Street addresses were not in vogue at that time. The records show the two to be 30 and 24 years of age, respectively, and having 4 daughters - Margaret, age 8; Catherine, age 5; Mathilda, 3 and Elisa, their 1 year old baby. The fact that the two older girls were shown as being born in the province of Quebec and the others in Ontario, provides the clue that the family migrated to Ontario sometime before the birth of Mathilda in 1868.
Page from the 1871 Census Record
Page from the 1871 Census Record
Like their ancestors, this generation of the family was Roman Catholic and, like most of their contemporaries, Antoine and Mathilda could neither read nor write. Antoine is described in the census as a labourer. An 1890 City of Ottawa Directory shows Antoine being a mill hand. As the 70's progressed, the family continued to grow in stature and size. In 1872, Fredrick, the first male descendant was born followed two years later by another sister, Minnie. At age 56, Antoine fathered his second son and last child who ultimately proved to be the next direct link in the family lineage.
Antoine Morin in the 1881 Census
Antoine Morin - 1881 Census
Antoine Morin in the 1889 City Directory
Antoine Morin in the 1889 City Directory
This information is corroborated by the fact that by 1891, Antoine, then 67 and still working as a labourer and his 53 year old spouse were recorded as living in the Nepean-Dalhousie ward.
Antoine Morin in the 1891 Census
Antoine Morin in the 1891 Census
The capital was a blue-collar town. Lebreton Flats, the home of the Morin family, was a mad mixture of lumber piles and rickety wooden homes. The older girls had left by this time and only the 3 youngest children were still at home. Fredrick was 19; Minnie 17; and young Jean-Baptiste was only 10 years old. Thus as the 1800's came slowly to an end, the seventh generation passed quietly into history and young John took on the responsibility of continuing the family name.
City of Ottawa Directory from 1890
City of Ottawa Directory from 1890 - 1890 - 28 Pine Street, mill hand
The 1890 City of Ottawa Directory shows Antoine Morin living at 28 Pine Street (now Gladstone Avenue) and his occupation was shown as mill hand.
Antoine Morin and Domithilde Blais
Antoine Morin and Domithilde Blais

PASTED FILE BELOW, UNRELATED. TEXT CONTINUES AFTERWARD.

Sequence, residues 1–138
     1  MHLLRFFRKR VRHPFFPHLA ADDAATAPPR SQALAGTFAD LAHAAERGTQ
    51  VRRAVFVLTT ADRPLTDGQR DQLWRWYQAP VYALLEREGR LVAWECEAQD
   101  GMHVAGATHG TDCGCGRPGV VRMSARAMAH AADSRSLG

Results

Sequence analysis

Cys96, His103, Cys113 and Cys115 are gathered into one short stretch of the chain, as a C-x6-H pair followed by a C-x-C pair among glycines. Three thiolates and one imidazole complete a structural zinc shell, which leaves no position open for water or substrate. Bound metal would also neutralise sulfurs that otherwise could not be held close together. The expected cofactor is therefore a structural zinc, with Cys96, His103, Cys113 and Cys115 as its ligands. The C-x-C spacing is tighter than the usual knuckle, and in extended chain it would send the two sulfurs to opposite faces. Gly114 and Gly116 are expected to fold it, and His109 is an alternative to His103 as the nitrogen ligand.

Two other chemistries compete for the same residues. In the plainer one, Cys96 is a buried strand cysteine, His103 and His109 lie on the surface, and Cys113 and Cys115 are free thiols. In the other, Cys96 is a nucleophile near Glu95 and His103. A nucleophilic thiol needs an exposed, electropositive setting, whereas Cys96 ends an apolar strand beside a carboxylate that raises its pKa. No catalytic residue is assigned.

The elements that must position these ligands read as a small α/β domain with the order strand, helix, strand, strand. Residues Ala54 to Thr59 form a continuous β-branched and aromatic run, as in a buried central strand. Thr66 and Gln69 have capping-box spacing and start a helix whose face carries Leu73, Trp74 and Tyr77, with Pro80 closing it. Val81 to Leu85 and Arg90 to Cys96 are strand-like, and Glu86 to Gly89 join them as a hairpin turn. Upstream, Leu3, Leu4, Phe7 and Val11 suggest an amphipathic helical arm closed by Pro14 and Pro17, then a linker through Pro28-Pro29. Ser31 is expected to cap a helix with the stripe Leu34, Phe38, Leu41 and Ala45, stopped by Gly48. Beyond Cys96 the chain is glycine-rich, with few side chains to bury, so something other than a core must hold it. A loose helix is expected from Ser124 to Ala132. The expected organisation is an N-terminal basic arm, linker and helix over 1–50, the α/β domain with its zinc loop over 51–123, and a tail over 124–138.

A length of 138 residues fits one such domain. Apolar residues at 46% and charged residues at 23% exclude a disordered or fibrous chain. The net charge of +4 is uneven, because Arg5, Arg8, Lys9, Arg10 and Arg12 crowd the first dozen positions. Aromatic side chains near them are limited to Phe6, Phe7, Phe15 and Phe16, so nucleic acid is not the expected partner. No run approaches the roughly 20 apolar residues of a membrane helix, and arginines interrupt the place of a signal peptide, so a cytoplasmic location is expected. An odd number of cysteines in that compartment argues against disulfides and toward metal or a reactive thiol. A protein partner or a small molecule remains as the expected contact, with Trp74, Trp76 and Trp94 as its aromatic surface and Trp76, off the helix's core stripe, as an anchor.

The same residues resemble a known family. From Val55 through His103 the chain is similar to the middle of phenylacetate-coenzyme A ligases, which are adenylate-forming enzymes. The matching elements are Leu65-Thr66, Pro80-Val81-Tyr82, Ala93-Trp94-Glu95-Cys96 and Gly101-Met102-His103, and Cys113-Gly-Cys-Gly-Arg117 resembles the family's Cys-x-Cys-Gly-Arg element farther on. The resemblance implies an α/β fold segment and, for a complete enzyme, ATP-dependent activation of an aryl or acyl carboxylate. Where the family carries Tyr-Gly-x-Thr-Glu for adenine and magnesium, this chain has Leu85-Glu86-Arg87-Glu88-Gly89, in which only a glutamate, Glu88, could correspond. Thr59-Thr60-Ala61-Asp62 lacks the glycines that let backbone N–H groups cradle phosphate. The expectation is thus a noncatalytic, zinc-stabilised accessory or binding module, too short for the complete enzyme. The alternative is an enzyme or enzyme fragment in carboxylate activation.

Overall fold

Antoine Morin died June 1, 1892 and was buried on June 2, 1892. The record shows he died from debilitation. He is buried at Notre Dame Cemetery in the Blais family plot along with his wife Domithilde who died on January 29, 1902 at the age of 63. The Witnesses to the burial were her son, Jean-Baptiste Morin and Arthur Drouin.
Grave Marker of Antoine Morin and Domithilde Morin (Blais)
Grave Marker of Antoine Morin and Domithilde Morin (Blais) Notre Dame Cemetery – Section Y- Lot 1910-11
Historical Fact: Ottawa, Ontario - 1892 Parliament adopts the Canadian Criminal Code, based on a codification of English criminal law. It defines criminal activities, and established punishments for them.
Some of Antoine’s Children
Elizabeth Morin with her Husband and Daughter Grave Marker for Elizabeth and husband
Elizabeth Morin with her husband Grave Marker for Elizabeth Morin (Antoine Morin's Daughter) Andrew Mulligan and daughter, Ida Notre Dame Cemetery - Section Y
Catherine Morin Albert Lemieux
Catherine Morin and her husband Albert Lemieux
Grave Marker for Minnie Marie Morin, Antoine Morin's Daughter
Grave Marker for Minnie Marie Morin, Antoine Morin's Daughter Notre Dame Cemetery - Section Z
Stephen R. Morin
March 31, 2014: Hi Stephen and Allan, While trying to do some family research and find out who the parents of Antoine and Matilda were (they are my great great grandparents...their daughter, Elizabeth, my great grandmother). I am not sure if either of you had a photo of Antoine and Matilda, so I thought I would share the one I was lucky enough to inherit through the years. Do you know when the Morin's or Blais came to Canada? Regards, Victoria Wrong Traudt
Hi Victoria: Steve is adding some updated material for the Antoine Morin / Matilda Blais web page and I'll add your photos at the same time. Also, the name Andrew Mulligan is familiar. I'll see what I can find about him and his ancestors. There were several pioneer Mulligan families here in the early days. Thanks again, ... Allan
New April 19, 2014: Allan: I know he is the son of John Mulligan and Agnes Renaud. Have a photo of them also! I'll attached that and the notes from the back of the photos I've sent. That is all I have for older photos, beyond my grandparents.
John Mulligan and Agnes Renauld
John Mulligan and Agnes Renauld
Notes Notes Notes
Victoria